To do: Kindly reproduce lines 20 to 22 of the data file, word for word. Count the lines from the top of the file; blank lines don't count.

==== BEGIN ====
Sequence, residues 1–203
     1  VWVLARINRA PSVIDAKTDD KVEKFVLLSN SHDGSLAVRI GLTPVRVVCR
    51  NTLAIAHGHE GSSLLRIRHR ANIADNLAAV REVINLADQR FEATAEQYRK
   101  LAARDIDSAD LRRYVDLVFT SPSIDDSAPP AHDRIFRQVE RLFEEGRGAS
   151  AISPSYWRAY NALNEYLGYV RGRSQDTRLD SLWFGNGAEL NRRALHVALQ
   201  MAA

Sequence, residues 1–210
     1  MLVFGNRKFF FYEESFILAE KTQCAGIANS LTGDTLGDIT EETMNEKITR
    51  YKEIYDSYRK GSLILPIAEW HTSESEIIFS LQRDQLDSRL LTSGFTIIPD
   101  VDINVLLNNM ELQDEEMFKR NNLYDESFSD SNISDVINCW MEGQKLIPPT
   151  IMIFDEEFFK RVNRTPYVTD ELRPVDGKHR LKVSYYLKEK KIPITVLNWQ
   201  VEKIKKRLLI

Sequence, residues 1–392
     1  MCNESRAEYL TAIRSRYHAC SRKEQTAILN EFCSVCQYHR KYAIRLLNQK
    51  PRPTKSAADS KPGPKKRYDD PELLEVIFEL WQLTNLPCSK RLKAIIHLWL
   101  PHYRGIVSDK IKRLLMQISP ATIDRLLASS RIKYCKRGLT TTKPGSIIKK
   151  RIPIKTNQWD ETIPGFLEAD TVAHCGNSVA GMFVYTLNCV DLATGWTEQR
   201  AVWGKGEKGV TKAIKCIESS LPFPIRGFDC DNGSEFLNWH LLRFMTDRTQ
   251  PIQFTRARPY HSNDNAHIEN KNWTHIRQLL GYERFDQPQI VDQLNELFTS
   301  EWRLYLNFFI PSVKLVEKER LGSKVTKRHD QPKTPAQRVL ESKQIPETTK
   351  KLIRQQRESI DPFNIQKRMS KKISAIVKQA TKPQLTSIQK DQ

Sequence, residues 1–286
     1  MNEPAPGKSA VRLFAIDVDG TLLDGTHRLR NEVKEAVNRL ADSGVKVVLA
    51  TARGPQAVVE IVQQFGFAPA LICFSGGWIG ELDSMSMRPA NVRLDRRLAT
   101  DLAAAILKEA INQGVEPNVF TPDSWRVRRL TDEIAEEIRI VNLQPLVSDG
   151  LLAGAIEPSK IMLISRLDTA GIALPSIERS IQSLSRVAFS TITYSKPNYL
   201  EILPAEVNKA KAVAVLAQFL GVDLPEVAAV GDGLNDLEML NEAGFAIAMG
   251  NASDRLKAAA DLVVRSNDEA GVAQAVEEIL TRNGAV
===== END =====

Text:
   301  EWRLYLNFFI PSVKLVEKER LGSKVTKRHD QPKTPAQRVL ESKQIPETTK
   351  KLIRQQRESI DPFNIQKRMS KKISAIVKQA TKPQLTSIQK DQ

Sequence, residues 1–286